Every website needs a host — a server where all its data is stored for the public to access at all times. Hosting your own website is probably too large an expense for your small business, so you’ll need to select an external host.
Depending on your business’s budget, you can choose from two different routes. A shared web host, the less-expensive option, means you’ll share a server with other sites. The other option, dedicated hosting, costs significantly more, but it means you get your own private server and won’t have to compete with other sites that could drag down your website’s speed. Some web builder platforms, such as Squarespace and Wix, include web hosting in their monthly packages.
These are some notable providers for web hosting services:
If you’re looking for free hosting options, it’s crucial to remember that hosting a website is by no means free for the hosting company. Therefore, they may employ other methods, such as placing banner ads on your website, to compensate for the free hosting.
When choosing a host, consider how well the vendor can answer questions about its server locations and reliability, said Jim Cowie, co-founder of DeepMacro and former chief scientist at cloud-based internet performance company Dyn.
“It’s good to ask, ‘Can you show me how close you are to the major markets my customers are going to be in?’” Cowie said. “Any good hosting provider should have the tools to show you … measurements of their performance.”
As your business grows, you may find that you need to upgrade to a different web host or even work with multiple providers to handle your website traffic and operations. Cowie advised keeping a close eye on your site performance and the experience your customers have using your website so you can determine your hosting needs.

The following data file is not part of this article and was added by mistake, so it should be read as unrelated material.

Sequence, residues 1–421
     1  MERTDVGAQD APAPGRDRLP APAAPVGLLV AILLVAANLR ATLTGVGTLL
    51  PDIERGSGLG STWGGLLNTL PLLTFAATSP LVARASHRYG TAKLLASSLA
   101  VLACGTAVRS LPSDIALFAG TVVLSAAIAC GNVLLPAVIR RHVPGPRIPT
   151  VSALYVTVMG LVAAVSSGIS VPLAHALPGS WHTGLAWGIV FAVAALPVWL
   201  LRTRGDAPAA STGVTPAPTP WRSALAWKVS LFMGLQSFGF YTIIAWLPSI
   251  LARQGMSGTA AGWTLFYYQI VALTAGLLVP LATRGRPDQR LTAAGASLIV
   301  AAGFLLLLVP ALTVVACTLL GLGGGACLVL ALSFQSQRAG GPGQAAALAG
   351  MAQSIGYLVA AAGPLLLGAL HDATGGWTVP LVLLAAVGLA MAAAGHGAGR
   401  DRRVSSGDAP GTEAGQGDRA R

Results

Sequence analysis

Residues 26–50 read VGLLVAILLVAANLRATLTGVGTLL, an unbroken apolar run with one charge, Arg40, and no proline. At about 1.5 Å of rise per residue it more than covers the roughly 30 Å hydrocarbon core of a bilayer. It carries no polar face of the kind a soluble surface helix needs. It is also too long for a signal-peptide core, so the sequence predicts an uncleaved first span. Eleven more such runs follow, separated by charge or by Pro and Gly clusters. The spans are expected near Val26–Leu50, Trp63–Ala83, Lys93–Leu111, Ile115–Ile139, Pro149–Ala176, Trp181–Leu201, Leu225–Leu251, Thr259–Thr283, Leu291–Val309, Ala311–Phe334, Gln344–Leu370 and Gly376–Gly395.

A good website is more than a static homepage. Using platforms like WordPress, Wix or Squarespace, you’ll want to create multiple pages dedicated to different aspects of your business, such as a detailed catalog of your products or services or a blog section for company updates. As for your overall website, make sure each page supports the site’s primary goal, has a clear purpose and includes a call to action (CTA), such as “Learn More,” “Sign Up,” “Contact Us” or “Buy This,” that leads the user somewhere.
A contact page, your customers’ direct link to you, is one of the most vital sections of a website, so include as much information as you can (your business’s phone number, email address and physical location, if you have one). It’s also a good idea to include information about the founding team or staff on an “About” page so customers can put real names and faces to your brand.
If your business doesn’t already have a logo, hire a graphic designer or create a logo yourself to use on your website, business cards and social media profiles. A cohesive brand image will help your clients identify your company quickly and easily on the web.
Justin Zalewski, senior user experience manager at Evernorth Health Services, offered a few basic tips to help you create efficient, content-rich pages for your website:
While this step won’t apply to all business websites, companies that want to offer the option for customers to pay online will need to integrate electronic payment systems with their sites. The easiest way to do this is through e-commerce software or by employing one of the best credit card processing solutions.
Also, many web hosts offer an in-house shopping cart or integrate with e-commerce programs. Do some research to make sure you get a solution that’s easy to work with and flexible enough to meet your needs now and in the future.